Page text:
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Wanganeen: I'm a very passionate Port Adelaide person

AS a 12-year-old Gavin Wanganeen made a decision to jump on a bus in Adelaide’s northern suburbs to take him to football training with the Port Adelaide Football Club at Alberton Oval.

Little did he realise then just how far that decision would take him.

A superstar of the game, Wanganeen became the first Aboriginal player to win the Brownlow Medal at age 20 in 1993, following that up with a premiership with Essendon days later.

He returned to Port Adelaide to become the club’s inaugural AFL captain in 1997, and soon became the first Aboriginal player to reach 300 AFL games.

Now, aged 45, Wanganeen is again blazing a trail for Indigenous Australians by becoming the first Aboriginal former player to join an AFL club board with his election to Port Adelaide’s board of directors.

“Many years ago I was the first Indigenous player to win a Brownlow Medal and then the first Indigenous player to play 300 games,” Wanganeen said during a press conference on Friday.

“And now to be the first Indigenous past player board member, you know there’s a lot of first there but it’s something I’m extremely proud about.

“Indigenous numbers in this great game of ours have been pretty high for a number of years - somewhere around the ten or eleven percent I think - so to see those percentages go up and spread into other areas of the AFL I think is really important and hopefully this is a path going forward for the next generation.”

Wanganeen was chosen by members in an independent election process.

It is the latest incredible achievement for the man who began his senior career winning a SANFL premiership with Port Adelaide as a 16-year-old and bookended it with the club’s historic first AFL premiership in 2004.

“I remember jumping on a bus on Monday and Wednesday at 5pm, a bus that our dear Bobby Clayton - a legend of this club - provided for the juniors in the northern suburbs, I jumped on that bus and little did I know how far it would take me - just that decision to jump on that bus,” Wanganeen said during a press conference on Friday.

“In the blinking of an eye, your footy career goes so fast and now that I’m out of the game… I’ve watched the club as a fan.

“As a past player who has experienced success on the biggest stage, and winning premierships, that’s an inner deeper passion of mine and I thought it was time to seriously think about nominating for the board and going into an environment where I was able to make a significant contribution to my club going forward.”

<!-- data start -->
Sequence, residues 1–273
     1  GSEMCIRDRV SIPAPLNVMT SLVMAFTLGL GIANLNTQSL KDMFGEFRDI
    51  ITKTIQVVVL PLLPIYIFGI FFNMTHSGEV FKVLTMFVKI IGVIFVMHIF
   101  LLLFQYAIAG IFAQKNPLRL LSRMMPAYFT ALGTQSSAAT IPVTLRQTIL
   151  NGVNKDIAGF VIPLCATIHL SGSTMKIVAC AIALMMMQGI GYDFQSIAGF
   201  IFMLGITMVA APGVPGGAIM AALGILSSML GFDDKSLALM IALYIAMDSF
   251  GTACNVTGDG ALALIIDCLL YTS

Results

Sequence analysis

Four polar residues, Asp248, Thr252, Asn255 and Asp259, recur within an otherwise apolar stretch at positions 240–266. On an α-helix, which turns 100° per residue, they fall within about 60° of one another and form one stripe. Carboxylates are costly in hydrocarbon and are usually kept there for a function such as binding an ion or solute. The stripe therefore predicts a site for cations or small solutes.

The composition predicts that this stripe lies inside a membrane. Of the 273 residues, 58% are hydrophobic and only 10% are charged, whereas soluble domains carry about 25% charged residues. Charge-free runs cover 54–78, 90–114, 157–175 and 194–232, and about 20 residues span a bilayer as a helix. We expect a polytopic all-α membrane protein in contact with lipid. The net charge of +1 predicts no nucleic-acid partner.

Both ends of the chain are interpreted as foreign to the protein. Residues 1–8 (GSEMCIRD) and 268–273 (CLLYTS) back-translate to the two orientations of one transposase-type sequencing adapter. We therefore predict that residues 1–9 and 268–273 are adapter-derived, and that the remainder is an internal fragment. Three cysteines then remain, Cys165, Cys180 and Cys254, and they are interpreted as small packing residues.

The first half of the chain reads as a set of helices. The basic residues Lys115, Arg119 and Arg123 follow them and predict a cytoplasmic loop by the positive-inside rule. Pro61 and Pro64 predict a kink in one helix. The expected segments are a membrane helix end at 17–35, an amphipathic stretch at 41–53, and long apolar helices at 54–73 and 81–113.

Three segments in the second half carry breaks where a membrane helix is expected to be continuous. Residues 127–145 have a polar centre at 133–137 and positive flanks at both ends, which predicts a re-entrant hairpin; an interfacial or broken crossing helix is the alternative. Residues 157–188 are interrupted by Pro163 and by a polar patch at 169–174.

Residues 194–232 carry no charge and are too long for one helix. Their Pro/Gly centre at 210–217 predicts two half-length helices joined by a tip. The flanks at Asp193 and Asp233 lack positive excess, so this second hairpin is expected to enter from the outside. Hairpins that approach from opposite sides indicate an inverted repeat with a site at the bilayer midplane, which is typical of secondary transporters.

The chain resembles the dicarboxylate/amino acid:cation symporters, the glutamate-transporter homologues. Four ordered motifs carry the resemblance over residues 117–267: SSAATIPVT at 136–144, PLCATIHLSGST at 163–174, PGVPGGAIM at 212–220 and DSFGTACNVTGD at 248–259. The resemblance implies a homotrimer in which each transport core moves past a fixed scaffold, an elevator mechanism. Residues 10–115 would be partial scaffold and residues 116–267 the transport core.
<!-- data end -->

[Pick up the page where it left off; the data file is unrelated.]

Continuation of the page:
Wanganeen replaces one of his SANFL premiership teammates, George Fiacchi on the board.

After winning seven SANFL premierships, Fiacchi was instrumental in reuniting the SANFL and AFL arms of the club and spent six years on the board as a member-elected director from 2012.

Wanganeen said it was difficult to come up against Fiacchi and the other two candidates, who he said each carried valuable experience.

Wanganeen played 300 AFL games, including 173 for Port Adelaide, between 1991 and 2006.

He is a renowned artist, avid supporter of Port Adelaide’s Aboriginal programs and a founding member of the Indigenous Players Alliance.

He said his greatest ambition for his time on the board would be to use his skills and knowledge in the game to see the club achieve the premiership success that he did.

“I’m a very passionate Port Adelaide person. I played with passion and I really want to see the players experience premiership glory. It’s something that I would like to see in the short-term.”

Port Adelaide Chairman David Koch said Wanganeen’s election complemented the appointment of internationally renowned tennis coach Darren Cahill to the board.

He said Wanganeen would bring his high-performance nous to the group.

“Darren is globally renowned as a tennis coach and will be contributing as well.

“It’s very much a focus of the board that we get the football expertise around the board table and that’s where Gavin and Darren Cahill will be particularly useful.

“Both of them will be on the football committee dealing with the football department.”

Koch thanked Fiacchi for his contribution to the board over the past six years and his dedication to the club for many more before that.

He explained that Fiacchi would not be lost to the Port Adelaide Football Club, with the likelihood that he will be involved in several board committees.

“We don’t lose George,” Koch said.

“He has great IP in terms of being with the board for six years, he knows our agenda.

“We have a series of board committees where non-directors are a part of that – on governance and finance and brand and marketing and George will be playing a part in that.

“’We certainly don’t lose George and that’s the great thing about a club that everyone is just so passionate about, and the more they get involved, the luckier we are.”